Subpoena friendly witnesses to trial

Posted Friday, July 14th, 2023 by Gregory Forman
Filed under Litigation Strategy, Not South Carolina Specific, Of Interest to Family Court Litigants, Of Interest to Family Law Attorneys

There’s a misconception that only witnesses who are reluctant to testify for one’s client should be subpoenaed to trial.  Actually, I’m surprised attorneys issue trial subpoenas to hostile witnesses.  The belief that one can break a hostile witnesses into telling the truth through a pressing and brilliant cross-examination is largely fiction.  I tend to discourage my clients from having me subpoena hostile witnesses.

In contrast, I want to subpoena friendly witnesses to trial as soon as I have trial dates.  There are a few reasons for this.  Firstly, I may learn the witness is unavailable during those trial dates and my options are then to either depose that witness to preserve testimony or use a different witness to establish the same facts.

Moreover, having a witness under subpoena makes accommodation more likely if that witness becomes unavailable during trial.  This sometimes happens when a witness becomes seriously ill or indisposed when trial arrives.  The family court has a few options when a witness is unavailable for trial.  The judge can postpone trial, which is unlikely unless the witness’ testimony is the bulk of the case.  The judge can keep the trial record open and have that witness testify at a later date.  The judge can, in theory, have law enforcement detain the witness and have the witness brought to court–unlikely if the witness isn’t appearing due to an emergency or serious medical situation.  A judge can simply conclude the trial without that witness being heard from.  It is reducing the potential of this last possibility that makes subpoenaing friendly witnesses worthwhile.

There is case law reversing a circuit judge for denying a continuance when a material witness was unavailable to testify. See e.g. Logan v. Gatti, 289 S.C. 546, 548-549, 347 S.E.2d 506, 507-508 (Ct. App. 1986) (denial of two and one-half month continuance was abuse of discretion in medical malpractice action where motion for continuance was based upon the unexpected development of plaintiff’s expert medical witness, a naval officer, being ordered to sea, the expert’s deposition was one for discovery and was not admissible as opinion testimony and expert testimony was crucial on issue as to standards of medical care).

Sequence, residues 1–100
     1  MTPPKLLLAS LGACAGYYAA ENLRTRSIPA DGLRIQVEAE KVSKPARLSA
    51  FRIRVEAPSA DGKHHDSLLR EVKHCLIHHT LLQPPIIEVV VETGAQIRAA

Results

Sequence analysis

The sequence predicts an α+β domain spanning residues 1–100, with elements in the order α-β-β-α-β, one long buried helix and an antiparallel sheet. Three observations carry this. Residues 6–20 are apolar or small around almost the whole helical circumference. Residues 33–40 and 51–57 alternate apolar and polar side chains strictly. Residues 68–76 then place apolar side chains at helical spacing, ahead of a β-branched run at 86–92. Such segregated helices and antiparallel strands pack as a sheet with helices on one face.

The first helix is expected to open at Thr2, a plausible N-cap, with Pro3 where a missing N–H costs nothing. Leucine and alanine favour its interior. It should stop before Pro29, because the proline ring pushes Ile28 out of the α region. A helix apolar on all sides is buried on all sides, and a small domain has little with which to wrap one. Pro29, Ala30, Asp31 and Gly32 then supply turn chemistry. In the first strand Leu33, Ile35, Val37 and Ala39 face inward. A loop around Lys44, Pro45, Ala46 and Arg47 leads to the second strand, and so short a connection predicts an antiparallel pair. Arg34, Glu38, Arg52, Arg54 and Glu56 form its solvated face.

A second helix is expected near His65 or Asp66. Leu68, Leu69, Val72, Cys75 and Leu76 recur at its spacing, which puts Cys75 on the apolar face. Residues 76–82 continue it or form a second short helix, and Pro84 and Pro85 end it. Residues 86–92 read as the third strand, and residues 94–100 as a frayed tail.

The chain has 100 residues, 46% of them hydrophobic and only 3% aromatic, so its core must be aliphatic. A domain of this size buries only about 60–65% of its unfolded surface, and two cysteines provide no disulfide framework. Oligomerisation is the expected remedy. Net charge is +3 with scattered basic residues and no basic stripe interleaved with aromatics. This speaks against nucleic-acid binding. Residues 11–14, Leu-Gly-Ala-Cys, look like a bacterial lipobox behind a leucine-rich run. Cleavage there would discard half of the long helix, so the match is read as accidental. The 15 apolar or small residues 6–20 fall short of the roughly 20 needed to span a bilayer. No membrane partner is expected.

Rule 40(i)(2), SCRCP addresses continuance requests for an unavailable witness.  Part of the inquiry the court is to make is whether “there has been due diligence to procure the testimony of the witness.” Proof that the witness was under subpoena establishes due diligence. 

While family court judges are unlikely to simply continue trial when a witness is unavailable, in my experience they will always keep the record upon to allow a material witness to testify later if that witness was under subpoena.  It typically takes a few minutes to draft a trial subpoena. Often I draft one go-by and have my client draft the remainder based on that go-by, simply changing the witness name and address. Further one can email friendly witnesses a filled-out trial subpoena, ask them to sign for it on page three, and have them email back the signature page.  That way one avoids service fees. There is no good reason not to subpoena friendly witnesses.

One thought on Subpoena friendly witnesses to trial

  1. Rule 40(i)(2): (2) For Absence of Witness. No motion for continuance of trial shall be granted on account of the absence of a witness without the oath of the party, his counsel or agent, to the following effect, to wit: That the testimony of the witness is material to the support of the action or defense of the party moving; that the motion is not intended for delay; but is made solely because the party cannot go safely to trial without such testimony; that there has been due diligence to procure the testimony of the witness or of such other circumstances as will satisfy the court that the motion is not intended for delay. In all such cases where a subpoena has been issued, the original shall be produced, with proof of service, or the reason why not served, endorsed thereon, or attached thereto; or, if lost, the same proof shall be offered with additional proof of the loss of the original subpoena. A party applying for such postponement on account of the absence of a witness shall set forth under oath in addition to the foregoing matters what fact or facts he believes the witness if present would testify to, and the grounds for such belief.

    SCRCP 40

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